Don't turn your back on the 60/40 portfolio

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Despite the rise of alternative asset classes, the traditional mix of 60% stocks and 40% bonds is still the best asset allocation for the majority of investors, said Fran Kinniry, a principal in Vanguard's Investment Strategy Group.

Advisers have been increasingly turning away from the 60/40 portfolio in favor of less traditional asset allocations, according to a recent survey from Natixis Global Asset Management.

The survey of 163 financial advisers found that half no longer believed a 60/40 mix was the best asset allocation to achieve performance and to manage risk.

Kinniry said he agrees that the performance of the 60/40 portfolio over the next 10 years isn't going to come anywhere close to what it's been historically, mainly thanks to the record valuations and low yields in bonds today. In fact, he warned it could return as much as 50% less than its historical average of around 8% or 9% a year.

But when it comes to managing risk, the 60/40 portfolio is still an adviser's best bet, said Kinniry, adding that chasing after a hot new asset class just sets advisers up for failure, more often than not.

Managed futures funds, for example, have grown to approximately $9 billion in assets since the financial crisis — thanks primarily to their out performance during that period. Since 2008 however, the average managed futures fund has lost money while stocks and bonds have rallied.

“The risks of trying to avoid the risks [of the 60/40 portfolio] are greater than the risks themselves,” Kinniry said.

The reason he is confident in the classic strategy is that over the past 20 years, nothing has been a better hedge against the downside in equities than investment-grade bonds.

Hedge funds, commodities, and real estate investment trusts are all touted for their diversification benefits, but when equities have been under the most pressure, all those investment classes have fallen along with stocks, albeit in most cases not as far.

“Historical correlations are meaningless,” Kinniry said. “You need to look at correlations in times of stress. That's the only correlation that matters.”

Treasuries and investment-grade corporate bonds are the only two asset classes that consistently generated a positive return during the worst stock drawdowns since 1988, according to Vanguard.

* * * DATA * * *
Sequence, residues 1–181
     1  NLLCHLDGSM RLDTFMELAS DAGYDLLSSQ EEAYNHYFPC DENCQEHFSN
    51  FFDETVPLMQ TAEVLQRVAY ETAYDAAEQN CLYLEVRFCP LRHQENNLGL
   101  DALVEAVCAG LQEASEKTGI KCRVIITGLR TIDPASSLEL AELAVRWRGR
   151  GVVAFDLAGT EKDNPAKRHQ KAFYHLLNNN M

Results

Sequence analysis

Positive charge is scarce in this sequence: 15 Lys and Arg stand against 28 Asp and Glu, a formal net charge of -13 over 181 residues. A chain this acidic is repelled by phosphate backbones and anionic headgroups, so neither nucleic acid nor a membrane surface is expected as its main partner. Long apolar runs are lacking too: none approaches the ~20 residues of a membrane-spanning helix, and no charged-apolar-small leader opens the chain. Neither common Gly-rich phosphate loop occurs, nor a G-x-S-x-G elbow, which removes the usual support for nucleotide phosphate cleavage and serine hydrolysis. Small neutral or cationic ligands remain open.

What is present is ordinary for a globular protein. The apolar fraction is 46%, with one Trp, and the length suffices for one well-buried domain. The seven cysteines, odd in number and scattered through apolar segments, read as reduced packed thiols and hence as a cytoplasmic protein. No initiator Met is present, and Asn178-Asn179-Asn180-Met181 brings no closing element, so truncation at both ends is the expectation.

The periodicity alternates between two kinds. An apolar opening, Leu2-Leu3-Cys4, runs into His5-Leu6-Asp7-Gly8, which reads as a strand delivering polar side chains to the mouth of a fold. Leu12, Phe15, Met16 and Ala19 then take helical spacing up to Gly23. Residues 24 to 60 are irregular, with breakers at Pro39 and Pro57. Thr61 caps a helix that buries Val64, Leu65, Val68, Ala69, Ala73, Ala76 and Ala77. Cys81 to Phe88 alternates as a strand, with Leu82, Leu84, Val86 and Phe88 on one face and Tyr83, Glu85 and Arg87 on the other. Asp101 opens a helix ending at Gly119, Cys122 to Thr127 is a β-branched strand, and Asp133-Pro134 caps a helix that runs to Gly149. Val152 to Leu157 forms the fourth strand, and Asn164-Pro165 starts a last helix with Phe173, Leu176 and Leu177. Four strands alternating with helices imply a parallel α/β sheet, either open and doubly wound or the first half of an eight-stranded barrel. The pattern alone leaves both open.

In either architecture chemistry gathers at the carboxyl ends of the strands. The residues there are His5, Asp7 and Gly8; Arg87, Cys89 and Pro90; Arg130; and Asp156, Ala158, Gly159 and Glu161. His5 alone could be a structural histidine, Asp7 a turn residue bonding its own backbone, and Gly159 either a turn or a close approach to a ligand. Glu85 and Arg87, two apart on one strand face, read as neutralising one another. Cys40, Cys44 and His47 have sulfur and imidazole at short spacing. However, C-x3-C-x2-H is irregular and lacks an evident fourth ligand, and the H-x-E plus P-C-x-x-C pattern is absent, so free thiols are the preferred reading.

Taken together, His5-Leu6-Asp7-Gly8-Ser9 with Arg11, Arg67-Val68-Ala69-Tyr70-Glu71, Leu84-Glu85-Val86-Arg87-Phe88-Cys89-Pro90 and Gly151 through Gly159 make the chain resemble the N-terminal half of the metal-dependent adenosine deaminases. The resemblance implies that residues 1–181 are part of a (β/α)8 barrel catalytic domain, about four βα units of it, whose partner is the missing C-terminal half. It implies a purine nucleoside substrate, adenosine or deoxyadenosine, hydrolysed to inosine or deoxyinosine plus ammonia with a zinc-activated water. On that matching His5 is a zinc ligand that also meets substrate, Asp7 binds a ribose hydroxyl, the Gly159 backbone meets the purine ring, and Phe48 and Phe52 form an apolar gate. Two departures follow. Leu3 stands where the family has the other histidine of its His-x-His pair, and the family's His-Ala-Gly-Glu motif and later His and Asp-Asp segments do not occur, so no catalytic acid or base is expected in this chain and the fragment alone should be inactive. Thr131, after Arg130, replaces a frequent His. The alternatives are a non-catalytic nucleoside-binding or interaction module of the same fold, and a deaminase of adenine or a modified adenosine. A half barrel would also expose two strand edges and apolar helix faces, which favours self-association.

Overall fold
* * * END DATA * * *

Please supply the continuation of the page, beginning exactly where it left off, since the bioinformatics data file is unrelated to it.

Would you still recommend a ratio of 60/40?

Original article by Jason Kephart of InvestmentNews. Read it here.

  • James Howarth on 9/01/2013 11:10:30 AM

    All funds except index funds days are numbered. Most advisers are now as qualified as fund managers./ Why pay twice. Fund managers are a dying bread.

  • Pat on 10/01/2013 9:30:36 AM

    Interesting comment, James. Are you suggesting that, in addition to client meetings, business development, professional development, business management, an adviser will have the same time and skill as a fund manager to choose stocks "successfully"? Given that there is so much research that shows the active managers fail to get it right consistently, I pity the client of an "adviser" who thinks they can pick stocks.

  • Fred Jones on 10/01/2013 10:19:50 AM

    Pat, I think what James is saying is that as the active managers performance is so poor, advisers are going to turn to Index funds, and these overcharging active managers will eventually go out of business.

  • Wally on 10/01/2013 11:14:25 AM

    I agree 100% with you Pat. Advisers who pick stocks are kidding themselves. When they run the performance numbers they'll be lucky if they get anywhere near the index let alone beat it and will have spent countless hours on admin and reporting. For what? a false feeling of control. It's a myth that the average adviser can beat the fund managers and is an extension of the one that pushes clients to try their hand at investing via their own SMSF. By a LIC if you're worried about overpaying on management fees.

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